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During recent IBM analyst big data event, I learned about a new product, IBM Predictive Customer Intelligence. It extracts and processes customer-related data from multiple sources to analyze customer-related activities and has capabilities to predict customer behavior and actions. Predictive Customer Intelligence is built on IBM’s big data platform and supports extraction and integration of data from multiple sources, internal and external, and from structured and unstructured data. It can process data created by third-party products, such as text-based files of data created by converting speech to text. The product can capture and analyze customer interactions from multiple communication channels such as voice, email, text messages, chat and Web usage scripts and social media posts.

Predictive Customer Intelligence has four primary modules, for predictive modeling, reporting, real-time scoring and a real-time analytics data repository, which are connected by the IBM Integration Bus. These modules support a predefined process in which users build models from customer data stored in analytics real-time customer database and use them or predefined models to run real-time analysis against the customer data and produce scores, recommendations, reports and dashboards related to customer activities. The outputs can be delivered through a variety of channels such as outbound email, direct mail or text message. This can help contact center agents provide personalized and contextualized responses to customers’ questions. Other outputs can be used to produce targeted marketing campaigns or to respond to customer interactions through other communications channels.

vr_NGCE_Research_08_all_channels_for_customer_engagementMy benchmark research into next-generation customer analytics shows a need for such a product because companies have up to 21 potential sources of customer data. These include transactional business applications such as CRM and ERP, customer data warehouses, spreadsheets, call recordings and text-based files containing content from email, forms, letters, text messages, chat scripts, Web scripts and social media posts. All of these not only contain valuable customer information but also interaction data from which companies need to derive insights into customers’ feelings about products and services and other aspects of the business. The research shows companies have difficulty in extracting value from this data, partially because on average they use only six sources of customer data in their customer analytics. Interaction data is especially problematic because most of it is unstructured and requires tools that can automatically access and extract insights from them; few companies have such tools. This situation also is becoming more complex, as my benchmark research into next-generation customer engagement shows: Companies are supporting more channels of interaction and expect volumes of interactions to grow in every channel as our research shows up to 17 channels in play.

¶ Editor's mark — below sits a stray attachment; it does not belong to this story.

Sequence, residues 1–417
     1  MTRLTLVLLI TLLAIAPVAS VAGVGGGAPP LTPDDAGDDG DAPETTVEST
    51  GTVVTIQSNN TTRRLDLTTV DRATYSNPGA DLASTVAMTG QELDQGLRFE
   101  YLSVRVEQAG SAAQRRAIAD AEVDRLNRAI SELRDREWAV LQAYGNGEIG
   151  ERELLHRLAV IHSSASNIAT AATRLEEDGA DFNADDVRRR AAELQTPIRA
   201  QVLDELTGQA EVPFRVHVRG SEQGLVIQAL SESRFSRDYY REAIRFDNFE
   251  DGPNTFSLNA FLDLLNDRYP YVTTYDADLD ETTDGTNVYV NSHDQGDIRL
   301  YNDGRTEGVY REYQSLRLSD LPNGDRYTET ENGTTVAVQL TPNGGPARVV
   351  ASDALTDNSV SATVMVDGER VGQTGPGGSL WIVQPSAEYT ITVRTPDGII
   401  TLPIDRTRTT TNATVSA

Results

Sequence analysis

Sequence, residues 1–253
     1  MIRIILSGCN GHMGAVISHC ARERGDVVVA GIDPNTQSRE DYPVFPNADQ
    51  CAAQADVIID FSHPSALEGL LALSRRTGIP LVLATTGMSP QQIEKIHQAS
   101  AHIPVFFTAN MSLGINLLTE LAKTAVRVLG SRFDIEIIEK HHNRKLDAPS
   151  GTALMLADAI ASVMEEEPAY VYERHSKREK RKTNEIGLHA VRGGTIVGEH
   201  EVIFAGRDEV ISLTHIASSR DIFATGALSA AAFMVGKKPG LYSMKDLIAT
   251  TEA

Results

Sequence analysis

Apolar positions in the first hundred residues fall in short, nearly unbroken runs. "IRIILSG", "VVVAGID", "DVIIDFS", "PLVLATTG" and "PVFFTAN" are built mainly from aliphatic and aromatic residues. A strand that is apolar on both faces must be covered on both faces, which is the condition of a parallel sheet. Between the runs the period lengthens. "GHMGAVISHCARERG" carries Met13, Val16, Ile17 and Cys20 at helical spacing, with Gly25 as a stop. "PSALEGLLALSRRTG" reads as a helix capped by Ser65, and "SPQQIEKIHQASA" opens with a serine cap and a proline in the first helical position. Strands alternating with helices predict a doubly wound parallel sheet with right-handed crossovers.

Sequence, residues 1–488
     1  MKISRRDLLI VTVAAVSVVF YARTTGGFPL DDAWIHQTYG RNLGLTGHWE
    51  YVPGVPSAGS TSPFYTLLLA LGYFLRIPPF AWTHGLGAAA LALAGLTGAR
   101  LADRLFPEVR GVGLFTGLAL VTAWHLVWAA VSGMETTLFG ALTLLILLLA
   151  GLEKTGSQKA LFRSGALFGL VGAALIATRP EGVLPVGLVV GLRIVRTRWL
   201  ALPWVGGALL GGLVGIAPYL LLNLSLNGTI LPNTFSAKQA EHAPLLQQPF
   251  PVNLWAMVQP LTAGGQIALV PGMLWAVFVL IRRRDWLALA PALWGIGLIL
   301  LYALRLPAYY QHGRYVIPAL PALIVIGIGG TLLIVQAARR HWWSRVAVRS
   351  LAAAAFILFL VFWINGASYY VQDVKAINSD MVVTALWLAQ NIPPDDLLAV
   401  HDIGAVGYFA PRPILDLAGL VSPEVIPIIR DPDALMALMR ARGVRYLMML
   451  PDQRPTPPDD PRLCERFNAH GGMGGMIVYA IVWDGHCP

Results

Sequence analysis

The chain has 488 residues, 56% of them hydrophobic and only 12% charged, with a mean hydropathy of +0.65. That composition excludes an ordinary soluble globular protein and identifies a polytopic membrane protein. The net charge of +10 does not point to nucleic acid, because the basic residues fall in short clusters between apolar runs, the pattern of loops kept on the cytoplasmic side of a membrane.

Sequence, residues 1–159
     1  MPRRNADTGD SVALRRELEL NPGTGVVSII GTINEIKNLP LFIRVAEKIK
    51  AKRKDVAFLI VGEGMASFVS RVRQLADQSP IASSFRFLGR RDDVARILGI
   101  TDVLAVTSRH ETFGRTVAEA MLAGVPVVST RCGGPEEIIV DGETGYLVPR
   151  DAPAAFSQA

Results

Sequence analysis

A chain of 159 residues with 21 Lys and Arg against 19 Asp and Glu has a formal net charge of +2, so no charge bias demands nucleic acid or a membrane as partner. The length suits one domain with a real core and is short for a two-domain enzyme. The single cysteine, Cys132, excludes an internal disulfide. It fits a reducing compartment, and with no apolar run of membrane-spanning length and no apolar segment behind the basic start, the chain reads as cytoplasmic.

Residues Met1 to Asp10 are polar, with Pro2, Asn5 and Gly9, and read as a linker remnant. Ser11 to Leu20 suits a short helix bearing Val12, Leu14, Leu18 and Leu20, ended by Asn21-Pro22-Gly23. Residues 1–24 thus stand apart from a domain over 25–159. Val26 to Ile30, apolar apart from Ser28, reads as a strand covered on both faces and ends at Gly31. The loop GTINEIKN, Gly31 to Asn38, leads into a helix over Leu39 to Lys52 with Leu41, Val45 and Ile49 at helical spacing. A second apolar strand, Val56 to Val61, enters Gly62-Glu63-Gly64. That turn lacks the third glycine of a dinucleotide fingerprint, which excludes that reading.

IBM Predictive Customer Intelligence has capabilities that can help companies meet these challenges. However, a close look reveals that it is not one but 10 individual products (not including three connectors) packaged together. Organizations therefore need to understand the cost and operational impact of managing and use these products.